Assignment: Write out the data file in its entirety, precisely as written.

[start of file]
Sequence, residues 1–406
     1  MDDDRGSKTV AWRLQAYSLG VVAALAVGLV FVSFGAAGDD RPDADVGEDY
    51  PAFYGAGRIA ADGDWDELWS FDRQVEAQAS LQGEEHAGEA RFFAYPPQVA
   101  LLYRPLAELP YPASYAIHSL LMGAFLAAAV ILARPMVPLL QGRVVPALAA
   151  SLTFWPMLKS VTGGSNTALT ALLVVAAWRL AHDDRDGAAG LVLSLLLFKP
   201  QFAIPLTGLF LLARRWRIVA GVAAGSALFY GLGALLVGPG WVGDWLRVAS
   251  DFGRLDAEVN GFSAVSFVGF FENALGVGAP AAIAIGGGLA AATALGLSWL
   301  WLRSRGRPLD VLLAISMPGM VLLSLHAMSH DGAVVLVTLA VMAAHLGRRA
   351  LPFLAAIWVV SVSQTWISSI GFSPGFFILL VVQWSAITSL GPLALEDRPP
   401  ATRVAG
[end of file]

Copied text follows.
Sequence, residues 1–406
     1  MDDDRGSKTV AWRLQAYSLG VVAALAVGLV FVSFGAAGDD RPDADVGEDY
    51  PAFYGAGRIA ADGDWDELWS FDRQVEAQAS LQGEEHAGEA RFFAYPPQVA
   101  LLYRPLAELP YPASYAIHSL LMGAFLAAAV ILARPMVPLL QGRVVPALAA
   151  SLTFWPMLKS VTGGSNTALT ALLVVAAWRL AHDDRDGAAG LVLSLLLFKP
   201  QFAIPLTGLF LLARRWRIVA GVAAGSALFY GLGALLVGPG WVGDWLRVAS
   251  DFGRLDAEVN GFSAVSFVGF FENALGVGAP AAIAIGGGLA AATALGLSWL
   301  WLRSRGRPLD VLLAISMPGM VLLSLHAMSH DGAVVLVTLA VMAAHLGRRA
   351  LPFLAAIWVV SVSQTWISSI GFSPGFFILL VVQWSAITSL GPLALEDRPP
   401  ATRVAG